Google's resolution of its internet presence in China seems to have reached a stable point, at least for the time being.
"Google agreed... that it will respect China's laws and regulations," Zhang Feng, an official with China's Ministry of Industry and Information Technology, told members of the press, according to an Agence France-Presse report. "That is to say, it will not provide any information that will endanger China's national security, damage China's national interests, instigate ethnic hatred, spread superstitious information, damage social stability, or (provide) pornography, violence or slanderous information."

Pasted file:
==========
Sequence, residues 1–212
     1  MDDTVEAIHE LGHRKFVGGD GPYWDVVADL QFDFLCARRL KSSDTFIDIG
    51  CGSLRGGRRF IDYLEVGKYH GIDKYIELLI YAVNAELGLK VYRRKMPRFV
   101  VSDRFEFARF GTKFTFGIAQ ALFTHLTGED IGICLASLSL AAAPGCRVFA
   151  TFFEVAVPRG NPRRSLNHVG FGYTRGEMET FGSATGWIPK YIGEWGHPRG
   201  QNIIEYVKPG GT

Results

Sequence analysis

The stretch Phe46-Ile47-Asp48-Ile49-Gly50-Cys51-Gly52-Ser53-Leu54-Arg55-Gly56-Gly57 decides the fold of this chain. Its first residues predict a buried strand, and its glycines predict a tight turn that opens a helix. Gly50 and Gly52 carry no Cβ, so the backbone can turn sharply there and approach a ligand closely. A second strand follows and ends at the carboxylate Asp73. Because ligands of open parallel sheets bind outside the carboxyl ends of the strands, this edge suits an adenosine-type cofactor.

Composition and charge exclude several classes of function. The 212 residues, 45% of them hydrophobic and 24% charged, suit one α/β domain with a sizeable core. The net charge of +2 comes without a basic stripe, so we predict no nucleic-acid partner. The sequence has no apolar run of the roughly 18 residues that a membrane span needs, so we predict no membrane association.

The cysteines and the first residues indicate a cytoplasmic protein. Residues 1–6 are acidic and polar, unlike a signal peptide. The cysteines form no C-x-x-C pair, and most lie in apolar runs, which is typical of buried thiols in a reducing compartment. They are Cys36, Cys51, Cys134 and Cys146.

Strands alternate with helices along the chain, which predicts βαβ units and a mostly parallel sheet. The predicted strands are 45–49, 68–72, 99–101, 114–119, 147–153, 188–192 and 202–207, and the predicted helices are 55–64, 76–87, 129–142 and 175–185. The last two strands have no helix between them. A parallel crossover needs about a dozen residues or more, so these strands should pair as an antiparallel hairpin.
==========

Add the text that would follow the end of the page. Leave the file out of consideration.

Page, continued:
Instead of redirecting visitors to the Google.cn page directly to Google's Hong Kong site, it added a prominent button users had to click to go there. The Chinese government referred to the change as the "rectification".
For more on this story, read Chinese official: Google's search fix is law-abiding on CNET News.